Presentation on theme: "New Perspectives and Possible Limitations By Veronica Usacheva Institute for African Studies, Moscow."— Presentation transcript:
New Perspectives and Possible Limitations By Veronica Usacheva Institute for African Studies, Moscow
Comparing social media and industrial/traditional media Cost of Operation: Social media is generally cheaper over conventional media. Anyone needs only to connect online to publish or transmit information. Area of Coverage: Social media is not limited to publishing or accessing information within local scale, its scope is really wide and boundless. Accessibility and Usability: Social media is the most user- friendly among all other social media in terms of both publishing and sharing information. Real-Time Information Transmission: Social media is the fastest way to convey and receive information globally. Information Modification: Social media provides easiest access to modify information and make it even better.
African Social Media Leaders Afrigator (a South African aggregator of African blogs and news), Zoopy (a YouTube/Flickr like service also out of South Africa) Ushahidi (an SMS crisis reporting and mapping engine from Kenya).
Ushahidi, which means "testimony" in Swahili, was built in the aftermath of the Kenyan 2008 elections Ushahidi was used to monitor earthquakes in Haiti and Chile Crowd sourcing (people as a source of information): everybody can send information to the map (no need in blog or Internet) Accumulation of information from different sources (mass media, blogs, crowd-sourcing) through map and categories Everybody can use this platform
“Ushahidi saves people. Now – in Russia” Project Crisis Mapping. Fires in Russia Russian Newspaper “Novaya Gazeta”
Preliminary findings: Mainstream media reported actual death count before citizen journalists; however, on many accounts, mainstream media did not report on incidents leading to actual deaths, i.e., early warning signs; Citizen journalist reports and Ushahidi reports did not overlap geographically with mainstream media reports; Citizen journalists tended to report as soon as violence started, well before mainstream media; Many citizen journalist bloggers used real-time updates sent to them via SMS, primarily from rural areas; Citizen journalism reports declined after the launch of Ushahidi; Ushahidi reports document an important number of violent events not reported by the mainstream media and citizen journalists; Contrary to news media and citizen journalist reports, Ushahidi data always had specific location information; Ushahidi reports also covered a wider geographical area than both mainstream news and citizen journalist bloggers. Meier, Patrick and Kate Brodock (2008). “Crisis Mapping Kenya’s Election Violence: Comparing Mainstream News, Citizen Journalism and Ushahidi.”, Harvard Humanitarian Initiative, Harvard University: Boston. http://irevolution.wordpress.com/2008/10/23/mapping-kenyas-election-violence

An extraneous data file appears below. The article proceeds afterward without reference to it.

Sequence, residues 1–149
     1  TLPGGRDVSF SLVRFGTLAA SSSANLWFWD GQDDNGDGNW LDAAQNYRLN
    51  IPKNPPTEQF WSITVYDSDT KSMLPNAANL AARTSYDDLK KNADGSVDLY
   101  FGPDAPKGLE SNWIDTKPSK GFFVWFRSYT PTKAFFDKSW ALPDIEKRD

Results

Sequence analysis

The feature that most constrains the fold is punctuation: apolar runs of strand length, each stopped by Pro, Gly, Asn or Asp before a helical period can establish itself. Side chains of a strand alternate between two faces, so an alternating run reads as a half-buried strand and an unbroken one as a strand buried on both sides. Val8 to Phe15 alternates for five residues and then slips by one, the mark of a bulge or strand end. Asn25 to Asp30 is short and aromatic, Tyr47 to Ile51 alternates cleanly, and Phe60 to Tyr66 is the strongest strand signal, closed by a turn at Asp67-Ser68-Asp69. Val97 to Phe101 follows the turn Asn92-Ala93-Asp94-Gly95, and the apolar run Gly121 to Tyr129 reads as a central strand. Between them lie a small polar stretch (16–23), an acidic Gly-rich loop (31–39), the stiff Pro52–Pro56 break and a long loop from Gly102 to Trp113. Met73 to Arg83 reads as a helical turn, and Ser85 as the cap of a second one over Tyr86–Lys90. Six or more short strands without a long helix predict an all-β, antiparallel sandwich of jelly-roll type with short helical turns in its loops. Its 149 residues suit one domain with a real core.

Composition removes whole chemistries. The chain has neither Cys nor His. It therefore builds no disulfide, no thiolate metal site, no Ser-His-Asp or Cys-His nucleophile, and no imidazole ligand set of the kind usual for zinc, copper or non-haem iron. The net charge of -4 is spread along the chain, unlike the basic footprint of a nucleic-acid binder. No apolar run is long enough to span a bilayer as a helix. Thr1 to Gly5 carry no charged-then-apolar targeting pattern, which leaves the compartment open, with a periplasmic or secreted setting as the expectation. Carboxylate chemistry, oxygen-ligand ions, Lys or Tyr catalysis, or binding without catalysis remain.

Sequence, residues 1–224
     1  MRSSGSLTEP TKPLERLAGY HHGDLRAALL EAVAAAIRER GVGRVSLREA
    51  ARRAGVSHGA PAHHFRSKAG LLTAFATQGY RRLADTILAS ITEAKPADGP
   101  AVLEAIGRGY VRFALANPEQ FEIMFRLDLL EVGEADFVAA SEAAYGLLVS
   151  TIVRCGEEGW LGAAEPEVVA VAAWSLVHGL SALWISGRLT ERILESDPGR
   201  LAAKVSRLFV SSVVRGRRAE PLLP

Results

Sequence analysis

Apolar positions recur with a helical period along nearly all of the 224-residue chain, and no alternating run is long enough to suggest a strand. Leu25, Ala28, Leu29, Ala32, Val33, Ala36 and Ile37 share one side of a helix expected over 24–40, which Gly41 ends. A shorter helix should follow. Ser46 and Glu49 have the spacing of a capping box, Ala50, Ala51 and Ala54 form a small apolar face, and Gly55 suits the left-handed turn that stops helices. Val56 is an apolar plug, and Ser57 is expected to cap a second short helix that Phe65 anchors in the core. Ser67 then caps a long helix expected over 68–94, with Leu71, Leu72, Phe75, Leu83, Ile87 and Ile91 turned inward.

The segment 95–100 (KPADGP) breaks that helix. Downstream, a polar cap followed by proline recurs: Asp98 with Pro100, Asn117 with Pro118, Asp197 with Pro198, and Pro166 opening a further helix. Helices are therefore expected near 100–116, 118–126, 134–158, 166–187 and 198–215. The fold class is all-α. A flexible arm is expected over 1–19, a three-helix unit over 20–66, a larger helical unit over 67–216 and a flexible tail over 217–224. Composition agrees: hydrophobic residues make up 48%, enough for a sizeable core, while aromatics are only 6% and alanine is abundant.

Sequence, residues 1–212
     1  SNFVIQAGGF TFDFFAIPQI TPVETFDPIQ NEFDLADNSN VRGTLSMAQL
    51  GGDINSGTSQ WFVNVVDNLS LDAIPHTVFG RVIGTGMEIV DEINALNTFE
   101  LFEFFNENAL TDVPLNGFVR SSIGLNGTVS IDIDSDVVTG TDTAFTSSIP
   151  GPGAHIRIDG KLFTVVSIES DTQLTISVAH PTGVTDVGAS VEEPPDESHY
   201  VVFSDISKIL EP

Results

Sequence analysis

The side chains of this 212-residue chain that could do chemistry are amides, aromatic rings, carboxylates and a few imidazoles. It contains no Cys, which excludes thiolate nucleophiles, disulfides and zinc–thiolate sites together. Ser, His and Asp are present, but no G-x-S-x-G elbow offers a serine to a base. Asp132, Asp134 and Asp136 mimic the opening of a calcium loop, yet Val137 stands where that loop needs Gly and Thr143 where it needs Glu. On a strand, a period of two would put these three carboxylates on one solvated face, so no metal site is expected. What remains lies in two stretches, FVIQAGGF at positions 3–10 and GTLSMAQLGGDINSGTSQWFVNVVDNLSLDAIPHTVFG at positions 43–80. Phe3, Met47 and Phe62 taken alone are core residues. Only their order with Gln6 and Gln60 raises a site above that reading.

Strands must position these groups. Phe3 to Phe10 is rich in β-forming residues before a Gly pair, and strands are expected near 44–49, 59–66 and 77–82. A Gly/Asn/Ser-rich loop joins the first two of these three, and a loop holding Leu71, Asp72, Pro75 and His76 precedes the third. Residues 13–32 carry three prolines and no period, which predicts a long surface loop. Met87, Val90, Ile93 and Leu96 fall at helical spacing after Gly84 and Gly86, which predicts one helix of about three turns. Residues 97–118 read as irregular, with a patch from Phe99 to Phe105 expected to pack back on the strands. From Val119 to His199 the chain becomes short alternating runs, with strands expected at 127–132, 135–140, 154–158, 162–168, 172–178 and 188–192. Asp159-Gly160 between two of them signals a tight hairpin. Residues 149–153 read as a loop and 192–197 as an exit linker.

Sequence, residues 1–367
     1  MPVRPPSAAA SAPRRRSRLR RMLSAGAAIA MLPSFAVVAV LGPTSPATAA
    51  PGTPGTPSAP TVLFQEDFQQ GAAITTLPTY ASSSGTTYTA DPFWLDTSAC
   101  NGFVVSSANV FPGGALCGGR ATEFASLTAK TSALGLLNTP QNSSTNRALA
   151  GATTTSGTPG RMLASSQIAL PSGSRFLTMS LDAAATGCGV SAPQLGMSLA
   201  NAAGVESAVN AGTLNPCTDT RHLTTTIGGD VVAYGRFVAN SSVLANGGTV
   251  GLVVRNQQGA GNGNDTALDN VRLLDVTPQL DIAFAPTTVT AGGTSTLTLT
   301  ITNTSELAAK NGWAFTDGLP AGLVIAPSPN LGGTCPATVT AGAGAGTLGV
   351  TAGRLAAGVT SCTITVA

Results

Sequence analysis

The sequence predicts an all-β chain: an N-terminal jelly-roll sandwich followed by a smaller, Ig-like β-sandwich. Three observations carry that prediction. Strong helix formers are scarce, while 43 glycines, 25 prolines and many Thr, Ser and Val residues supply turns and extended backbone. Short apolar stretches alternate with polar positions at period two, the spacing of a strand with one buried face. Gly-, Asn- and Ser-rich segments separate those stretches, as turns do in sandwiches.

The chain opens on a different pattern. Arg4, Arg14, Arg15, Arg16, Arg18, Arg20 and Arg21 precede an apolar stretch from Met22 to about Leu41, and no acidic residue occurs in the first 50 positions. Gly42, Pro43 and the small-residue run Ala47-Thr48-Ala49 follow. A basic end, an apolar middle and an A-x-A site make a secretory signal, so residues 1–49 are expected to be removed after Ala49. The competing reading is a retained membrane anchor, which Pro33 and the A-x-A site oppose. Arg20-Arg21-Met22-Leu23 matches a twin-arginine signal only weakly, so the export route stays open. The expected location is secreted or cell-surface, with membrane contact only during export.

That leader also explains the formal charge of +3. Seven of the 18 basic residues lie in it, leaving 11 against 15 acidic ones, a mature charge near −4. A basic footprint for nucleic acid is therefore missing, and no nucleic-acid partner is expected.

Anand Giridharadas (New York Times): “History is now a draft, not a finished product, but a work in progress—and one that is now written (and corrected) by the crowd”. Anand adds, “They say that history is written by the victors. But now, before the victors win, there is a fresh chance to scream out, with a text message that will not vanish.” “Until the lions have their own historians,” begins an African proverb, “the history of the hunt will always glorify the hunter.”